A new federal effort targets a related problem — the epidemic of violence against Indigenous women and girls. Will that help curb trafficking?
Kimberly Larson remembers the first time she was approached by human traffickers.
She was 12 years old, walking downtown in Anchorage, and strangers pulled over to ask if she wanted a meal at Wendy’s. They asked where she was living, what she needed.
“They were looking for a young girl to exploit,” she told ArcticToday. It didn’t work. The strangers’ oddly familiar questions set off alarm bells for Larson, and she kept walking.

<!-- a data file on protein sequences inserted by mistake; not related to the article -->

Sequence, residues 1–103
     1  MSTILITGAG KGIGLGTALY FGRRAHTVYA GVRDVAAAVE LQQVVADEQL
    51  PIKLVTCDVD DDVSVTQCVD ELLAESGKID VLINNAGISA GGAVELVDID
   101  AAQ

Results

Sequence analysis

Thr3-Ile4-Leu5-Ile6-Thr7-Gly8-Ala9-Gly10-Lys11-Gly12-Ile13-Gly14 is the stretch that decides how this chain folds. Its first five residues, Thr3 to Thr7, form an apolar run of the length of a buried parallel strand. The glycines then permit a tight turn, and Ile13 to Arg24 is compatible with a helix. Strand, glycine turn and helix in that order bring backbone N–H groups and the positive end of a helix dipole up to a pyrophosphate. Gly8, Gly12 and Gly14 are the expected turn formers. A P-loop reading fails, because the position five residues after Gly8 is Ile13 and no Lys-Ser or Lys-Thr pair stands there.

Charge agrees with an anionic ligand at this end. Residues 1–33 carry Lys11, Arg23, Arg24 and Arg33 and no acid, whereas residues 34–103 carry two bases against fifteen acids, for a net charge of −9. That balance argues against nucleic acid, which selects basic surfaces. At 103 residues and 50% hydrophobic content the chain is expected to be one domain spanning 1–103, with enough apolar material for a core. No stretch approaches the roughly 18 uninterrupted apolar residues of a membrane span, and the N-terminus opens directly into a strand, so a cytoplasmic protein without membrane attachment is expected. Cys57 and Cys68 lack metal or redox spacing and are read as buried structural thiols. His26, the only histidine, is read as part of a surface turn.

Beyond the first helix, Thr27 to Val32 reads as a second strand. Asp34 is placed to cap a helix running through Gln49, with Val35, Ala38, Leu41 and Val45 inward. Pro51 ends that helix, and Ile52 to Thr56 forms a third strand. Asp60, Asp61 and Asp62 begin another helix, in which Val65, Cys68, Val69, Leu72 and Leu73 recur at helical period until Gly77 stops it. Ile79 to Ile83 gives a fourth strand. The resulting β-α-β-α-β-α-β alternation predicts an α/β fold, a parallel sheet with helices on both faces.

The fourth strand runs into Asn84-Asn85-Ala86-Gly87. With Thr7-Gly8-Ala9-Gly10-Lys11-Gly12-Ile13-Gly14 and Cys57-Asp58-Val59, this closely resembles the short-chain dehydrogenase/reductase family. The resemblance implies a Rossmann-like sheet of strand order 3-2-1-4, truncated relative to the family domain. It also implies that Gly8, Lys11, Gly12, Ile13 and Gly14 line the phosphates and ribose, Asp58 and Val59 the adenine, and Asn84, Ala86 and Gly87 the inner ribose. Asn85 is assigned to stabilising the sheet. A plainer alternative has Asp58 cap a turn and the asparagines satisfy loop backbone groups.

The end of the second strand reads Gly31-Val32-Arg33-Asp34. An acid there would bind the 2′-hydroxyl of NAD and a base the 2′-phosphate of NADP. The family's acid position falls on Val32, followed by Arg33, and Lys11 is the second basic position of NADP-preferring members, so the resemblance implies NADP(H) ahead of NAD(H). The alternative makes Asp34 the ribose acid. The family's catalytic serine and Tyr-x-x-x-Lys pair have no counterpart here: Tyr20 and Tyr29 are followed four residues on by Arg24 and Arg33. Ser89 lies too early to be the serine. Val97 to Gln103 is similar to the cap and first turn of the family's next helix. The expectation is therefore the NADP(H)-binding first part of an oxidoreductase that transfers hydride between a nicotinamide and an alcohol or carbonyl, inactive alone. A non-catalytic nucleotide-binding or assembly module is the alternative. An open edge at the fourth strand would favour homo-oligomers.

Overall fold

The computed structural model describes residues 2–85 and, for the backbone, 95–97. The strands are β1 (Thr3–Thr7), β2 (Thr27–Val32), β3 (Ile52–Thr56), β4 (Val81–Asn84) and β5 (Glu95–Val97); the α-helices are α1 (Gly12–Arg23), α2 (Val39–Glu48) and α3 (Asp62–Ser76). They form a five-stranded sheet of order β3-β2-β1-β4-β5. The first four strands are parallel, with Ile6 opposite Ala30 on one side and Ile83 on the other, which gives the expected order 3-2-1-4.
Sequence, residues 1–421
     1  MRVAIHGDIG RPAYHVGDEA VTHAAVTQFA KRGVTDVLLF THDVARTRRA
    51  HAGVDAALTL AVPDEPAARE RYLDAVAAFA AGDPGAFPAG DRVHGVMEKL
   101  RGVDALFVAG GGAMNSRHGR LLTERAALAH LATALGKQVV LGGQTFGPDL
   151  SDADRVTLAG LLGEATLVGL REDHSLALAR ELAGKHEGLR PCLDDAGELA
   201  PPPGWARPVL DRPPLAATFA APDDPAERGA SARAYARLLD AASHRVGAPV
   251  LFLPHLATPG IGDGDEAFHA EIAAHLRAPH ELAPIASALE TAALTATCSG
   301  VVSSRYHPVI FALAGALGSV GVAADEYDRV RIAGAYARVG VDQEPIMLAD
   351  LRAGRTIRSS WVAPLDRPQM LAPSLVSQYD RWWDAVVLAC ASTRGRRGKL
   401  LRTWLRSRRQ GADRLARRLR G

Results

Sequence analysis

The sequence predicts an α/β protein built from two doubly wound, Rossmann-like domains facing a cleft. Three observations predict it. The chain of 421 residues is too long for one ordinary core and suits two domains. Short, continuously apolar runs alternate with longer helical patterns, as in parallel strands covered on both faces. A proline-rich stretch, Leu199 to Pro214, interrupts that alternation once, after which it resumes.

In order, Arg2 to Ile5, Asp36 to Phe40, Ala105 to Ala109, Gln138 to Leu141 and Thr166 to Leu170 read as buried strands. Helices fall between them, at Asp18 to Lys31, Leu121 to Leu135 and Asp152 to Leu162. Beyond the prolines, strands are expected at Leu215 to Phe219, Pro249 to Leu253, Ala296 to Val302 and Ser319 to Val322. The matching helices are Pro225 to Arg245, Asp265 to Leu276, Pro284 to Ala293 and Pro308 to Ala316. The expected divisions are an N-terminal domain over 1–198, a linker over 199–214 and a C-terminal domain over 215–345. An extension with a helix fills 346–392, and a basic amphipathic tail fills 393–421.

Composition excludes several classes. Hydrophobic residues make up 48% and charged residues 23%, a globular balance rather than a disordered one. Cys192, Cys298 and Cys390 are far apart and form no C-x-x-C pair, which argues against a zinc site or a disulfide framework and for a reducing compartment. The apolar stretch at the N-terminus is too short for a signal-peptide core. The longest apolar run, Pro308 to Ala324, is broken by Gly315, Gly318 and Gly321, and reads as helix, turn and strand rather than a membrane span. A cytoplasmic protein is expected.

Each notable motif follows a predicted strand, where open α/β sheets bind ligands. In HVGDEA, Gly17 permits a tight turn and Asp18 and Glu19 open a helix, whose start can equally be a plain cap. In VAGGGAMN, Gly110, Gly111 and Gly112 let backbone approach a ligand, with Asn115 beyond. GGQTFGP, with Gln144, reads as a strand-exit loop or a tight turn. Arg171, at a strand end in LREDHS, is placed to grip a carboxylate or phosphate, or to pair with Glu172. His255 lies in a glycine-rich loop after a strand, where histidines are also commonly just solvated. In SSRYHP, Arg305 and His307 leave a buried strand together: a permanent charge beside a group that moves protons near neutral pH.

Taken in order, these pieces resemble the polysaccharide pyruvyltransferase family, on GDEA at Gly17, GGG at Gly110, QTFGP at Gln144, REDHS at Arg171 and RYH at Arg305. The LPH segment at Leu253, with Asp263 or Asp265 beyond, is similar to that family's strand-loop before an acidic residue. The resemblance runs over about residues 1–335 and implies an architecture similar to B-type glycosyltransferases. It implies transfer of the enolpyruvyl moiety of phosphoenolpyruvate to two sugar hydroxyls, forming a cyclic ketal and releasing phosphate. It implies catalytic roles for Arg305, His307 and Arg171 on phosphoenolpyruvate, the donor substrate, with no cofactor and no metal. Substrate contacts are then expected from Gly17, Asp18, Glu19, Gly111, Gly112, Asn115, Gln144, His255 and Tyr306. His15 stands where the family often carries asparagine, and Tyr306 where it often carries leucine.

By the time Larson reached her forties, she thought she was out of the danger zone. She had a home, a husband, three kids. She was no longer that young, vulnerable-looking girl. But Larson’s life wasn’t as stable as it seemed. She started drinking too much, then doing drugs.
“Everything went sour,” she said. She split up with her husband and began living with a boyfriend, who was soon exploiting her. When she left him, she had nowhere to live, so she began sleeping on her coworker’s couch. Then she lost her job.
She was homeless, jobless, addicted to drugs and alcohol. Just when she thought she couldn’t get any lower, she met the man who would eventually be convicted of trafficking her and several other women. Read more at ArcticToday.
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